Why you should care
Because not everyone wants a brand-new car.
Stephen Starr is a journalist who lived in Syria from 2007 until 2012. He is the author of Revolt in Syria: Eye-Witness to the Uprising.
Buying a car was a big deal in Syria. The badge on the bonnet was the mark of who you were and what you’d achieved in life. Next to the iPhone and pack of Marlboros, one’s car keys were prominently displayed. Most Syrians couldn’t afford cars, and that’s why owning one was such a big deal for the rest — the nouveau riche or those with ties to the regime.
The revolt was six months old when I bought mine, a brand-new Renault Duster. It was a small, silver SUV with a black body kit. There was a stand-out reason for the purchase: As I lived in a town 18 miles from Syria’s capital, Damascus, relying on buses to get to interviews and to spot anti-government demonstrations in the city had become too dangerous.
You see, it was Syria’s poor, the rural, who started the uprising against a brutal regime that has left more than 190,000 people dead and a region aflame. It was they who relied on buses to get around. At the government checkpoints surrounding Damascus, it was the bus passengers who were stopped and had their identification meticulously looked over.
Before getting into my car every morning, I would bend down to check if someone had attached something explosive underneath.
Normally a soldier would take the IDs from passengers and call out their names to a second soldier reading names from a list. If no one on the bus matched his list of names, the bus could pass. If someone’s name cropped up, it meant that individual may never be seen alive again.
Those who drove cars — who could afford their own private means of transport — were less likely to have hated the regime and, as such, were less likely to be stopped at checkpoints.
But owning a car didn’t much make my life better. Pulling into a Damascus mall to buy groceries days after a car bomb had killed scores of civilians in another part of the city, I was stopped by private security guards who checked the car’s undercarriage for explosives with a mirror.
Soon I began doing the same.
Before getting into my car every morning, I would bend down to see if someone had attached something explosive underneath. With the Syrian government claiming at every opportunity in 2011 that “foreign terrorists” were responsible for the then-regular bombing of innocent civilians in the city, why wouldn’t they claim the same thing had happened to a pesky foreign journalist?
I’d then hold my breath and close my eyes as I turned the key in the ignition.
Many Syrian friends would say such precautions were unnecessary. None of them did the same. I also changed my email address every week to avoid detection from the authorities and interviewed activists in their homes, often just yards from government prisons and security branches.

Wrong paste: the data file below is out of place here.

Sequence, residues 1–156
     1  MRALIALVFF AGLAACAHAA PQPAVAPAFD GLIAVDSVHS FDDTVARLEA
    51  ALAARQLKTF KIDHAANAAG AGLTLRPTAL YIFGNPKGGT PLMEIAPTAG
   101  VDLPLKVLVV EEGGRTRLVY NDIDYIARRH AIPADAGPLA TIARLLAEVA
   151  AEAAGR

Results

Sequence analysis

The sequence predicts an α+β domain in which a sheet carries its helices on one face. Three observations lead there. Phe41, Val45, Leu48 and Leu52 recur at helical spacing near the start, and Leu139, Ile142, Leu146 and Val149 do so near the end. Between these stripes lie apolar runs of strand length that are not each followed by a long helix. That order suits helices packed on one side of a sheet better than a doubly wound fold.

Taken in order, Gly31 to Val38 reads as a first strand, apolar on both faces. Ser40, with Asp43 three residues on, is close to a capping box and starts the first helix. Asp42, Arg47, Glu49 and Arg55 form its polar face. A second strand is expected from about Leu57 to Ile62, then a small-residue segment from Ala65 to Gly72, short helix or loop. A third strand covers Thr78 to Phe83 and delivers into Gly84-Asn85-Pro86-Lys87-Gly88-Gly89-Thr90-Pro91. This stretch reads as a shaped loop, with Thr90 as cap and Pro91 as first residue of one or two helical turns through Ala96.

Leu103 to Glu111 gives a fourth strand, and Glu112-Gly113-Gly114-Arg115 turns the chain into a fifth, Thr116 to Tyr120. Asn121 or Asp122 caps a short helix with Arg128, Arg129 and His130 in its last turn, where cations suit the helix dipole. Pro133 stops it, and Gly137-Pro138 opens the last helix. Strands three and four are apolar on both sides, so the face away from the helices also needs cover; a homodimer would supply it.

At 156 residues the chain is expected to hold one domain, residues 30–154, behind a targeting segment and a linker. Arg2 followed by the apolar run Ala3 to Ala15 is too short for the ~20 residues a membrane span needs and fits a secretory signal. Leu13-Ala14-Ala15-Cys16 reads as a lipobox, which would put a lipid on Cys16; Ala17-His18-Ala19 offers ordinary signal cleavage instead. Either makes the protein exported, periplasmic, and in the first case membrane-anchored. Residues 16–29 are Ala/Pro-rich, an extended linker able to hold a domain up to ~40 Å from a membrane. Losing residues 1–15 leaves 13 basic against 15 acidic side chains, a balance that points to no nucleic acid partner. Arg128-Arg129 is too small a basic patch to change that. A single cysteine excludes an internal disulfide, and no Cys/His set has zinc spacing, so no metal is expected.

That, and the fact that I was writing and filing reports of the unrest to newspapers in the U.S., London and elsewhere, probably did little to ease my paranoia. But my concerns pale in comparison with what was happening all around.
Syria has become the defining humanitarian disaster of the postwar world: More than 190,000 people dead, 3 million refugees and counting, and almost 8 million people internally displaced. Aid agencies say 10 million Syrians are in need of help every day. Today, those figures are exactly that — numbers — not men, women or children. There’s little to suggest anything will change soon.
I left Syria in 2012 following a particularly terrifying assignment that brought me face to face with the mutilated bodies of civilians who protested in a government-controlled neighborhood, but it’s been difficult to really leave.
I sold the Renault Duster to a cancer researcher in 2012. I’m told she regrets buying it since it attracts attention from kidnappers and gangs.
Syria has been perpetually in the headlines ever since. I’m regularly called upon by television and radio producers to discuss a country I no longer recognize. There was no Islamic State group, no beheadings, no chemical attacks in the Syria that I knew. But in Istanbul, where I live, Syrian Arabic is the most common language of the street beggar. It’s nice to hear a familiar language, but not on these terms.
I keep in touch with friends who, unsurprisingly, care little about politics and international diplomacy. Their worries surround how many hours of electricity they’ll get today, where they’ll get the money to pay taxi drivers to take their kids to school every morning and if they’ll return safely in the afternoon, since public transportation has broken down.
I managed to sell the Renault Duster to a cancer researcher in 2012. The deal was done through mutual friends who convinced the buyer that despite the fact that the country was plunging into all-out war and the Syrian pound free-falling, the car would retain its value when little else would. I’m told she regrets buying it since it attracts attention from potential kidnappers and gangs.
The Renault dealership where I bought the car has since been gutted, and from what Facebook tells me, the man who sold it to me has escaped to Baghdad. Baghdad!
I spend much of my time today pitching article ideas about jellyfish, pollution and food issues. I don’t want for wheels today, as journalists in Istanbul get free access to public transportation. And though the Renault Duster is all over the streets here, it’s not a car I’ll be sitting in anytime soon.
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